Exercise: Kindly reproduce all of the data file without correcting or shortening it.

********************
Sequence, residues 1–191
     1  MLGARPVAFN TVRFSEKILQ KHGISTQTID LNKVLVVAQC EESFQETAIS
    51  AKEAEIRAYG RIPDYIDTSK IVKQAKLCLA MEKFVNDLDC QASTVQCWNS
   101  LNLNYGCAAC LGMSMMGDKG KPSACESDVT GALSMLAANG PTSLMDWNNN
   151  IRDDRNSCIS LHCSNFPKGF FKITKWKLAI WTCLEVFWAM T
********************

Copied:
Sequence, residues 1–191
     1  MLGARPVAFN TVRFSEKILQ KHGISTQTID LNKVLVVAQC EESFQETAIS
    51  AKEAEIRAYG RIPDYIDTSK IVKQAKLCLA MEKFVNDLDC QASTVQCWNS
   101  LNLNYGCAAC LGMSMMGDKG KPSACESDVT GALSMLAANG PTSLMDWNNN
   151  IRDDRNSCIS LHCSNFPKGF FKITKWKLAI WTCLEVFWAM T